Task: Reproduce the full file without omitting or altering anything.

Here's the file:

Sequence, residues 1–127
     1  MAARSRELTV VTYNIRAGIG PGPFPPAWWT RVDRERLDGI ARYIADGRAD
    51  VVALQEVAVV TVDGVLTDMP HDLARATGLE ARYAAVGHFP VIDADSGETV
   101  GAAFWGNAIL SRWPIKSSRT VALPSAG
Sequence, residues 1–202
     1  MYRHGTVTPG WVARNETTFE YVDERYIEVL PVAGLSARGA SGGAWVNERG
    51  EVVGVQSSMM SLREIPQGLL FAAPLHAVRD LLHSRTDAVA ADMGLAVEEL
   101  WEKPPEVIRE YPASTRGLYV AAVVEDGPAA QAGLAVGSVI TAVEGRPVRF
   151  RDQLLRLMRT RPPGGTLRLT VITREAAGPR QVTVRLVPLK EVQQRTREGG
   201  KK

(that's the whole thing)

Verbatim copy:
Sequence, residues 1–127
     1  MAARSRELTV VTYNIRAGIG PGPFPPAWWT RVDRERLDGI ARYIADGRAD
    51  VVALQEVAVV TVDGVLTDMP HDLARATGLE ARYAAVGHFP VIDADSGETV
   101  GAAFWGNAIL SRWPIKSSRT VALPSAG
Sequence, residues 1–202
     1  MYRHGTVTPG WVARNETTFE YVDERYIEVL PVAGLSARGA SGGAWVNERG
    51  EVVGVQSSMM SLREIPQGLL FAAPLHAVRD LLHSRTDAVA ADMGLAVEEL
   101  WEKPPEVIRE YPASTRGLYV AAVVEDGPAA QAGLAVGSVI TAVEGRPVRF
   151  RDQLLRLMRT RPPGGTLRLT VITREAAGPR QVTVRLVPLK EVQQRTREGG
   201  KK